Subject RE: [Firebird-Architect] View updates and upward compatibility
Author Claudio Valderrama C.
Ann W. Harrison wrote:
> There was discussion and agreement to change the behavior
> of naturally updateable views with triggers on the development
> list around 30 July 2003 and again in November 2003. Whether
> I was on vacation, asleep, or just stupid, I missed it.
> Dmitry and others found dozens of cases where views were
> marginally updateable, unreliably updateable, crashed the
> system etc. Dmitry's message is below.


In our short FB history, controversial changes have been discussed and
tested in the list. Incompatible changes with previous versions (where the
old versions were considered at fault) were done after general agreement.
It's almost impossible that "general" equals "unanimous". You are arguing:

1.- To keep a bug.

2.- To keep stupid and nonsense behavior that has caused much grief.

3.- To keep behavior that -from memory- only one person found useful. Sorry,
as I wrote previously, you can't satisfy everyone.

4.- To avoid the education phase that comes after fixing a bug in a major
version. FB2 is a major version. Changes are expected or people may continue
at FB1.5 that will improve again when a new minor version is released
(that's not false promise; enough changes were backported after v1.5.1). The
same education cycle was done for FB1. You and I stopped dangerous
ambiguity, then parameter ordering was fixed by Nickolay, then invalid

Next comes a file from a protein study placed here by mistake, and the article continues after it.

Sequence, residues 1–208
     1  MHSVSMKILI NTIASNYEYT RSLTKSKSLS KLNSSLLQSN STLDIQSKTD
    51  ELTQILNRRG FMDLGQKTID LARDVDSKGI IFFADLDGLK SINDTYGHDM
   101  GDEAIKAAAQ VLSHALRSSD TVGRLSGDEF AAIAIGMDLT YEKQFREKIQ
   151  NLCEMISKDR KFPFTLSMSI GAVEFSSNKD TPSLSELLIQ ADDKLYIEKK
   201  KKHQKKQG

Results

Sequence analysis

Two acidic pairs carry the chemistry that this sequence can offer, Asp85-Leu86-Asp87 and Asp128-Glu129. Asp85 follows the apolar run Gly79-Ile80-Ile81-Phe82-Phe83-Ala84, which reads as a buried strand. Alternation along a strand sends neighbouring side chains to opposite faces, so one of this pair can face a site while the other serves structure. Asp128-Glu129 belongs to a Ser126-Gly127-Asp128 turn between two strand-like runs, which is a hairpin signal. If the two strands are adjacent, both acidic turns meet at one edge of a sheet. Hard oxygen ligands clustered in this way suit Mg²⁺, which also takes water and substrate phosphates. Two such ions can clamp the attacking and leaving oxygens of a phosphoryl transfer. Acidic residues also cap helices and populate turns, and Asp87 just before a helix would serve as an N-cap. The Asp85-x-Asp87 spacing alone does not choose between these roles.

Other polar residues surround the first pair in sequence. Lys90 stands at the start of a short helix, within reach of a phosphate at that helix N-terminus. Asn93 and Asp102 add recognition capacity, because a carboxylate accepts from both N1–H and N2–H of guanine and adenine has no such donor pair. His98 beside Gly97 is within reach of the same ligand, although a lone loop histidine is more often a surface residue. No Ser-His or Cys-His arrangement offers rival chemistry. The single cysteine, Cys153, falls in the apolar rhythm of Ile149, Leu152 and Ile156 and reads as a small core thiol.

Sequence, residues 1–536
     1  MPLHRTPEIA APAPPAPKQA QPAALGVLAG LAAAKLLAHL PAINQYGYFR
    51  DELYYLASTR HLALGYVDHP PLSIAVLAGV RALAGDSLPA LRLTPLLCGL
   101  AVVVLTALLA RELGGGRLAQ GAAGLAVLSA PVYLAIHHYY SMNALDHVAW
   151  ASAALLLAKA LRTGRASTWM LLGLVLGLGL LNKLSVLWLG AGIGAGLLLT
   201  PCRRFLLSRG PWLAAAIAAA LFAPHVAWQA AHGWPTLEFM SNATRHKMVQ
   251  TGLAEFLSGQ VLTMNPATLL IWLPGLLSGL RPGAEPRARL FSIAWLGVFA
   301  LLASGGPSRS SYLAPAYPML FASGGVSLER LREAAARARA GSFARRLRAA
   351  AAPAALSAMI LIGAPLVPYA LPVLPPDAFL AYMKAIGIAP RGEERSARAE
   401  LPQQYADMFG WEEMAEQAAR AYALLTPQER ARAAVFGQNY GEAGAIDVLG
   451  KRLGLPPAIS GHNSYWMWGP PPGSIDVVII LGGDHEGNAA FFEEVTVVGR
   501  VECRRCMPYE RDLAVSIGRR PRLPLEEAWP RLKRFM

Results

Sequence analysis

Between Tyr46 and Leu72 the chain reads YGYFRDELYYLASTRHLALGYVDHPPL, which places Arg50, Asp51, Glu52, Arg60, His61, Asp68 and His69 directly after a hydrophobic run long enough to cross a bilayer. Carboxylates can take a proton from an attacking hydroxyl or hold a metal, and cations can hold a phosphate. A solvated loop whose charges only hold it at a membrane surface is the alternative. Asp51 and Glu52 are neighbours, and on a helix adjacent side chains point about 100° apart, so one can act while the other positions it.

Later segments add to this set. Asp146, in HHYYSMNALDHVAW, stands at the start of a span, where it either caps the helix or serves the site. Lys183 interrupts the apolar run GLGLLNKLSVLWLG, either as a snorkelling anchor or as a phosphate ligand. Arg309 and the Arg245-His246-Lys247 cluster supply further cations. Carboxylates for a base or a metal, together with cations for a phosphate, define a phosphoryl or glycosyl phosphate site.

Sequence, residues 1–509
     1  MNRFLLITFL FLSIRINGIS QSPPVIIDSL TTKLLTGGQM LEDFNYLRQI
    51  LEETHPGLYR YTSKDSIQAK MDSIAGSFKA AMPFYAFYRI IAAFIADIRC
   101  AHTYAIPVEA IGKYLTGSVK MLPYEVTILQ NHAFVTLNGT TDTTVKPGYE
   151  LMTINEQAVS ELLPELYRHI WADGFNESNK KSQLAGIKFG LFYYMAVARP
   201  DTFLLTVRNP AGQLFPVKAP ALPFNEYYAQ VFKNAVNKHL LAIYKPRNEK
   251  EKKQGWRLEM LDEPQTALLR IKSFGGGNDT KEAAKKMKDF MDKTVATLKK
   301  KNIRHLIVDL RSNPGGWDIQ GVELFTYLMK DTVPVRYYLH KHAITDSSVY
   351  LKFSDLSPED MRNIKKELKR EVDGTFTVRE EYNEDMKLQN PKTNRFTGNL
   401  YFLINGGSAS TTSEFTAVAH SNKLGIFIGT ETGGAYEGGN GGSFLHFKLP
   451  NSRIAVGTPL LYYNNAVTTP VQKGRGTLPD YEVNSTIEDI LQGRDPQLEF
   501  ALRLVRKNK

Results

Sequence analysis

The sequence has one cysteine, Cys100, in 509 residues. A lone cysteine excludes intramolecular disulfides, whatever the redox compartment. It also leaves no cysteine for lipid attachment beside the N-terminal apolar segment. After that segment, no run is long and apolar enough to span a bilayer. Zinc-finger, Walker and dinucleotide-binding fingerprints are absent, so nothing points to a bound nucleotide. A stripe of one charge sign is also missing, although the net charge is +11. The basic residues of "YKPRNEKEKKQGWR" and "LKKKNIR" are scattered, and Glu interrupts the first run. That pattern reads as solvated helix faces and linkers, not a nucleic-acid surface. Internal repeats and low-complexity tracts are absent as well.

aggregate constructions were stopped by Arno (although not enough for my
personal taste), then Dmitry fixed that damn double action in views, etc.,
and I'm sure I'm missing other cases in the middle. Although it doesn't
affect the syntax, Arno's index change counts also as an incompatible change
with the past. We have solved those steps with education. When it wasn't
enough, dialect 1 was left out of ambiguity checks to satisfy legacy ODBC
drivers and Nickolay provided a config value for old parameter ordering (I
prefer that value to be connection-specific, but that's me).

5.- To create a new syntax mess to satisfy the old behavior or to have to
add explicit statement to get the new behavior. Apparently the longer the
statements, the more you enjoy them. <g> In the rare event that I was
brainwashed to accept this proposal, I would elect to tax the old behavior
with the extra syntax. Having to specify additional keywords to get the new,
right, rational and standard behavior (that incidentally coincides with the
original design) simply flies in the face of reason. Order a "config param
breakfast" for the old behavior if you can't digest the new deportment as a
fixed solution.

6.- To revert a behavior that was discussed and agreed in the list. This is
how other changes happened. Sorry to ask, but is there anything that makes
you think you don't have to abide by our implicit development rules? You
come after the house is painted (or at least after the paint has been
purchased) and want to change the color. Hmm, I would say you're late when
the tickets are sold. You had had enough time to chime in. The same subject
was raised more than two years ago and you didn't complain either. Were you
absent or in a suspended state, too?

7.- To satisfy a marketing department that we don't have. Granted,
incompatible changes cause problems to the "customers", but unlike Borland,
we don't do arbitrary modifications. We have justified the upgrade problems
with the added benefit of a cleaner implementation and more deterministic
results from the server. Unlike MS, we don't force anyone to upgrade to the
latest version. Otherwise, no changes among the ones I listed would have
happened. Progress always comes from a crisis or causes a crisis. Live with